Who was Hannah Senesh? This is not an easy question to answer due to the fact that her poetic activity was as brief as her extraordinary and heroic life. Born in Budapest in 1921, she decided to emigrate with her family to the British Mandate in Palestine in 1941. There, she became a member of Kibbutz Sdot Yam, near Caesarea, where she also joined the Haganah, the paramilitary group that laid the foundation of the Israel Defense Forces (IDF). In 1943, she was drafted by the British Special Operations Executive (SOE) and trained asa parachutist. The Jewish community in Palestine (Yishuv) had expressed a desire to cooperate with Allied forces in the fight against Nazi-Fascism, and the SOE was in charge of organising espionage and sabotage missions across enemy lines. Hannah Senesh volunteered as did many other Jews at the time, including the Italian Socialist Zionist Enzo Sereni, who organised the unit of Jewish paratroopers to which Hannah belonged for these risky missions. In March 1944, together with two other volunteers, she was parachuted into Yugoslavia and then attempted to enter Nazi-occupied Hungary. At the border, she was arrested by Hungarian gendarmes, who found her British military transmitter that she used to communicate with the SOE and other partisans. She was taken to a prison where she was stripped, tied to chair, and beaten for three days. Thereafter she was transferred to a Budapest prison where she was repeatedly interrogated and tortured, but she refused to provide any information apart from her name, even when her mother was also arrested. In November 1944 she was tried for treason in Hungary by a court appointed by the then pro-Nazi and antisemtic Arrow Cross government and executed by a firing squad at the age of twenty-three.
Hannah Senesh was a personality endowed with extraordinary strength, a heroine of the struggle against Nazism and at the same time a pioneer of the kibbutzim, but one should not fall into the error of reading her life along the lines of those "poet-warriors" who dotted the last two centuries of the previous millennium: Hannah was neither a d'Annunzio nor an Avraham Stern and not even a Jewish version of Goffredo Mameli, the Italian patriot, poet and notable figure in the Risorgimento. The characteristic feature of the Jewish poetess was that she embodied a new Jew - one devoted to working the land and defending her people. Senesh's poetry certainly reflects all this, but it is peculiar in that it does so through the filter of individual emotion and the sensations captured whilst admiring the nature of Eretz Yisrael: Hannah Senesh's poetry is a photographic poetry combined with an overwhelming emotional momentum that makes it not simply the poetry of a girl with a short and intense life, but an album that traces an extraordinary life more through feeling than through events. Her most famous poem, "A Walk in Caesarea," has become a symbol of Holocaust remembrance in Israel, as if to remind us that the new Jew embodied by Hannah fights for her freedom:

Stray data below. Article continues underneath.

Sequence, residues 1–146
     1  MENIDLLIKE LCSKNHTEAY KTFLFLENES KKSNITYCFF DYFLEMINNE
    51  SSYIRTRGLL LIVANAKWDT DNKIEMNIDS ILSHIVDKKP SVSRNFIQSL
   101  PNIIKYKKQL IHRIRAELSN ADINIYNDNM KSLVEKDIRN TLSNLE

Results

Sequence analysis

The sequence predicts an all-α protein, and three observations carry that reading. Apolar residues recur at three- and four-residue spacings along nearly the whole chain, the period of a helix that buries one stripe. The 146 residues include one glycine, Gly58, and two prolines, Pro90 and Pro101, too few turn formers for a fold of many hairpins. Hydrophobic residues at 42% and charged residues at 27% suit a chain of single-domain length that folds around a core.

My God, My God,
May it never end,
the sand and the sea
the rustle of the water
the flash of the sky
the prayer of man.
When we immerse ourselves in Hannah's verses we enter the world of her personal emotions and the historical era - the first kibbutzim and the challenges they faced, as well as their willingness to take up arms during WWII to assist anti-Nazi forces and rescue their people who were being slaughtered across Europe - becomes a backdrop. The last theme written by her hand, which sums up her life as a Zionist pioneer first and a fighter later. is none other than that of sacrifice. Her last poem entitled, "Blessed is the Match," written a few days before her arrest, can be read as an unequivocal testament to her life:
Blessed is the match consumed in kindling the flames,
Blessed is the flame that burns in the secrets of hearts,
Blessed are the hearts that have been able to stop with dignity,
Blessed is the match consumed in kindling the flames.
In the hour of death through the theme of sacrifice Hannah Senesh's inner and outer life fuse, almost recomposing her in her totality: the poet becomes the kibbutz girl and the kibbutz girl becomes the upholder of freedom willing to fight for her people. It is in these last verses that we find the answer to the question "Who was Hannah Senesh?: she devoted her life not only of the Jewish people, but also demonstrates that any person ingrained with a spirit of sacrifice can ultimately prevail by remaining true to their highest ideas and the deepest emotions.
Translated by Amy K. Rosenthal